Swaziland has turned into a mini-war-zone as police armed to the teeth parade the streets in a public display of military might. Soldiers have been occupying strategic areas, while roadblocks have been mounted across the country in preparation for the planned uprising on Tuesday. Several activists have been arrested, and the Swazi Labour Federation headquarters has been surrounded by police. By MANQOBA NXUMALO.
Trade unions, political parties and civil society organisations are planning a protest action on Tuesday to demand the unbanning of political parties and the removal of Prime Minister Sibusiso Dlamini and his cabinet. April 12 has been targeted for the protests because it was the day in 1973 that King Mswati III’s father, King Sobhuza II, banned political parties and began his absolute monarchy. A Facebook group called “The April 12 Swazi uprising” has also called for protests to demand Mswati hand over power to the people.
This planned uprising comes as Swaziland is in financial crisis following a drastic drop in revenue from the South African Customs Union and has seen the government running cap-in-hand to different organisations. On Monday it was reported in the local papers that the International Monetary Fund had agreed to give Swaziland a letter of comfort, which would help the country secure money from the African Development Bank.
Police commissioner Isaac Magagula warned unions that any demonstration in Swaziland on 12 April will be met with brute force because it would be illegal. He warned unionists and journalists not to attend the planned protests as police would ensure they did not kick off.
However, secretary of the Labour Coordinating Council, Muzi Mhlanga, defiantly told the government the protest actions would go ahead. He said they would demonstrate in Manzini, as well as conduct marches in all towns in the country. In a move reminiscent of the Egyptian revolution, Mhlanga said the protesters planned to sleep in the streets of Manzini until their demands were met. “Anyone coming to the protest must bring something to use at night because we will sleep in town until our demands are met,” Mhlanga said.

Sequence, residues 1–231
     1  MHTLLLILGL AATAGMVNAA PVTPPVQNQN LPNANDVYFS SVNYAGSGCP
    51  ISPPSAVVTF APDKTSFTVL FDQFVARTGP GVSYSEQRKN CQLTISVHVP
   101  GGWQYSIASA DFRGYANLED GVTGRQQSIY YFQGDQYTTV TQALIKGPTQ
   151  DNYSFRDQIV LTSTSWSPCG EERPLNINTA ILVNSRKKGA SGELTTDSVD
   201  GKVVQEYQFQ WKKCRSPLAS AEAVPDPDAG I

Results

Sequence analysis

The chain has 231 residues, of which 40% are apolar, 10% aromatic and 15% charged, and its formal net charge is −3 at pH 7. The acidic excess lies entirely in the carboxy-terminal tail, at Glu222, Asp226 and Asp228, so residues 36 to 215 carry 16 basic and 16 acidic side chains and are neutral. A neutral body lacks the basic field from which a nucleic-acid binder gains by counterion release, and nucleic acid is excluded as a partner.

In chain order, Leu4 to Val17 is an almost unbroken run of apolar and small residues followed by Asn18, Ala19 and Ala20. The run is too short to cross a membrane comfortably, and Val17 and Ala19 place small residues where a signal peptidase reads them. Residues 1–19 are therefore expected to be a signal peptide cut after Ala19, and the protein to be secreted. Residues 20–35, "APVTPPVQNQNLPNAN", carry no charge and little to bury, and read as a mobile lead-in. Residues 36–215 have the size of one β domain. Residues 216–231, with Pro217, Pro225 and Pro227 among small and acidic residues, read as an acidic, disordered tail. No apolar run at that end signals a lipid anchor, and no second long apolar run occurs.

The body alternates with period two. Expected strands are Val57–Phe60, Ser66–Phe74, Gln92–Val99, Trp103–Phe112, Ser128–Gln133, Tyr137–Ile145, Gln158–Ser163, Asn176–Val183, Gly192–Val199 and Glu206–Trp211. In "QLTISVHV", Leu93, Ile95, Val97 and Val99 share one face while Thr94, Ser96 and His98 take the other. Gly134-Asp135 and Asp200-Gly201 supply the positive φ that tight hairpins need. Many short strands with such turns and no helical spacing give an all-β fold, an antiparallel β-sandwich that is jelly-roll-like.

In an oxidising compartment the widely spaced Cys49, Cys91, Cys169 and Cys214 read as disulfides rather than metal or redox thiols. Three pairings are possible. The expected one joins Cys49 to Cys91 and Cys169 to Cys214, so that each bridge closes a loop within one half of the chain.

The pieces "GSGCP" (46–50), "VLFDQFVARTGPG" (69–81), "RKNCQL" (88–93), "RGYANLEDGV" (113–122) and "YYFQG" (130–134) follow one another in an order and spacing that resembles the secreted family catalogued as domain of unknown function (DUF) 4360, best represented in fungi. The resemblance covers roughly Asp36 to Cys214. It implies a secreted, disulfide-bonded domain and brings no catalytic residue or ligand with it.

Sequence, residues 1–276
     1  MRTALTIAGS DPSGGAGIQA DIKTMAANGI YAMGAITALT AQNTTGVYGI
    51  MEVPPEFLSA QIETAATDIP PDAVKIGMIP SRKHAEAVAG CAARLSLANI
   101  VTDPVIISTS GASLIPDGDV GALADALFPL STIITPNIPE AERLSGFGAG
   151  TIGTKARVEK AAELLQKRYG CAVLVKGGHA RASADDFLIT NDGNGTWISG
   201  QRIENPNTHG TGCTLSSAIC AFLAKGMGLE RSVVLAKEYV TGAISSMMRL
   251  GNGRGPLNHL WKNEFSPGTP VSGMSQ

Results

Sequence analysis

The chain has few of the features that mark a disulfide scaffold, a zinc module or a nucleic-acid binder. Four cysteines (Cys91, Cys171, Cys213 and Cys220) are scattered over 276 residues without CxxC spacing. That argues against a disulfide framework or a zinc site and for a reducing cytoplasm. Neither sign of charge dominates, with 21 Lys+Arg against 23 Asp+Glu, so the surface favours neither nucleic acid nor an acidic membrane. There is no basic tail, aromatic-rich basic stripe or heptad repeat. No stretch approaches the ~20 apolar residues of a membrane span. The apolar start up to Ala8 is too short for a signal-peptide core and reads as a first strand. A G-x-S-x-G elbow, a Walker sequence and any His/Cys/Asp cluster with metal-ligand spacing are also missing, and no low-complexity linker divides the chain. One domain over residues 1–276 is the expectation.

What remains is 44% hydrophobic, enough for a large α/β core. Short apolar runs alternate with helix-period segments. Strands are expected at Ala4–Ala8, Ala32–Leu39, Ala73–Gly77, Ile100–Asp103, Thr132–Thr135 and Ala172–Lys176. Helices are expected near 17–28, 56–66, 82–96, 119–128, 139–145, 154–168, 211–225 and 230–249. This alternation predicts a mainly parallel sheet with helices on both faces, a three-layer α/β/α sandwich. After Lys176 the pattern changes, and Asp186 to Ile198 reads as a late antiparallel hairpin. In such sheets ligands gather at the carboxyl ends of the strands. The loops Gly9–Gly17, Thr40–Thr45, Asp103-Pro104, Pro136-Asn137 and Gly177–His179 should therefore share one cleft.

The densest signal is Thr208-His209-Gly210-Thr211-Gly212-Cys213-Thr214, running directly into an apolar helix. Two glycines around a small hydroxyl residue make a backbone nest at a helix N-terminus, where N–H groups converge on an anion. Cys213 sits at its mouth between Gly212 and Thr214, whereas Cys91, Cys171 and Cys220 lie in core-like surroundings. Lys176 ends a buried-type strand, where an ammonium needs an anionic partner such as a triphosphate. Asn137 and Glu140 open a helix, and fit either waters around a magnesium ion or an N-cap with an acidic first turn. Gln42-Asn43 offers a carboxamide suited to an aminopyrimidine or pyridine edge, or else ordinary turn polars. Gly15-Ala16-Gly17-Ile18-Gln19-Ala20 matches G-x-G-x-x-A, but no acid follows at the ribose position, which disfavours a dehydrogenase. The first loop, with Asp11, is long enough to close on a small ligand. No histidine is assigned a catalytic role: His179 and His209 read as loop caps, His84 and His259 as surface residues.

The government has been at pains to persuade labour unions not to stage protests on 12 April, but has been unsuccessful. Last week a team commissioned by Mswati to meet unions failed to have the date changed. Following their failed meeting, the prime minister issued a statement declaring the marches illegal.
As an air of uncertainty continues to engulf the tiny land-locked kingdom, some prominent students and youth leaders have disappeared. Maxwell Dlamini, president of the Swaziland National Union of Students, Simanga Ginindza, deputy secretary of both the Swaziland United Democratic Front and SNUS, Sifiso Mabuza, Swaziland Youth Congress deputy president and Themba Mabuza disappeared on Sunday while on their way back from Witbank where they had gone to plan the protests. The four activists were interviewed 20 minutes before their disappearance at the Oshoek border post. Dlamini, a 21-year-old commerce student at the University of Swaziland, has been vocal in open support of the planned uprising.
Swayoco secretary-general Justice Dlamini confirmed the four activists were missing and the organisation has dispatched its lawyers to find them. He said Swayoco was also trying to alert Amnesty International of the fast-changing situation in Swaziland, particularly as it relates to the safety of the organisation's members.
The home of long-time People's United Democratic activist Mphandlana Shongwe was raided early on Monday by armed police. “They came to my house early in the morning and said they were looking for guns,” Shongwe said in an interview. Swayoco organising secretary, Mxolisi Ngcamphala, revealed that the homes of its members had been raided and claimed some members had been tortured.